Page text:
Now, before any of you wonderfully kind people jump in and say “No, Julia! You are enough!” Can we give this experience with shame some space? Yes, I am a counsellor and this may be the most counsellor-y thing I say: Slow it down, get curious with me, and don’t push the shame away quickly.
When we evaluate ourselves and ask, “How am I doing at this business of life?” our shame and vulnerable places of hurt can be activated. I;n me, the striving part activates in self-criticism, pushing for action. It follows a script like, “You are not generous, you should give more money to charity.” But it can come on too strong and the negativity pushes me past any possible effective change into shame, which often makes me retreat or freeze. The shame script recites, “I am no good at this, I am such a terrible Christian.” An inner tension arises, a push (from the shoulds) and a collapse (into shame).
What does this look like? Well, in my life, it can be a very busy mind smushed into an overwhelmed frazzled body system, followed by shut down (think retreating into bed in a dark room to reset). For others, it can look like an unending stress loop, lots of activity but not a lot of productive growth. I call this spinning your wheels. It could be a total lack of energy and suffocating negative thoughts about oneself—burial by self contempt. Maybe it is confusion or uncertainty when facing decisions, trapped in the eternal pause. Or, one of my favourites, a desire to delete this article the second it lands in your inbox, “Great, another thing to tell me how I am not adding up!” I would call that shame avoidance.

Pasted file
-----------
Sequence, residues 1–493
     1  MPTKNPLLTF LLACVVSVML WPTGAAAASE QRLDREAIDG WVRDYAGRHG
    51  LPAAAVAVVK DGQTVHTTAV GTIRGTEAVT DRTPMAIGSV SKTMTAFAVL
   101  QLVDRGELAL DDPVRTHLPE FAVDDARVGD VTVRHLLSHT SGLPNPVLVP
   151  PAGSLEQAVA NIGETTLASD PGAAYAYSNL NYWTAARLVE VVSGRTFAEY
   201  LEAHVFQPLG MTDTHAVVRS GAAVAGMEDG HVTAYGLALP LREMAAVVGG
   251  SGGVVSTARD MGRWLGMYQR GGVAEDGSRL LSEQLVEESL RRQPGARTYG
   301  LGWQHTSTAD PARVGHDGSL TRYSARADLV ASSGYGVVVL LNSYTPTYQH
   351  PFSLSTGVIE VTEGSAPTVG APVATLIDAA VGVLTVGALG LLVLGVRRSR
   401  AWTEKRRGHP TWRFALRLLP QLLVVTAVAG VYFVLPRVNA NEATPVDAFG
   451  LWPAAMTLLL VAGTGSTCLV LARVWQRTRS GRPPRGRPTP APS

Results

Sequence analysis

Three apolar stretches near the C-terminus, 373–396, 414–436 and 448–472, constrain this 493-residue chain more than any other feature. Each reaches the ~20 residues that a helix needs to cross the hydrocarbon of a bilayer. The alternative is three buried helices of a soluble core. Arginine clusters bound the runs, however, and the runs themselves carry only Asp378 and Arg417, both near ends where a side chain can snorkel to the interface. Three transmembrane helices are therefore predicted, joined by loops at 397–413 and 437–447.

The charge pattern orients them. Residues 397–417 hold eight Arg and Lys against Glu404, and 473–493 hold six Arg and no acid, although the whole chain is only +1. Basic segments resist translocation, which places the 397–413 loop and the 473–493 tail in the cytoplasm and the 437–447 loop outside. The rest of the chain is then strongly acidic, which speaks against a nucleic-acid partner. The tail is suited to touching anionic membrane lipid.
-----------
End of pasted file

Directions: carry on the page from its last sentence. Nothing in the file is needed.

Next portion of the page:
As I point my finger at any problem, even as I am writing this, the shoulds awaken and the striving part in me presses, “How do we get better?!” Even now, these parts want to escape the tension. I am laughing because the cycle is deep and endless. What else can we do but laugh at our complex and neurotic humanity? Again, I am going to ask you to hang in there with me. Rather than pushing to a quick resolution (hint: there isn’t one), we are going to ask the striving part to turn down the volume and let us hear what shame might have to say to us.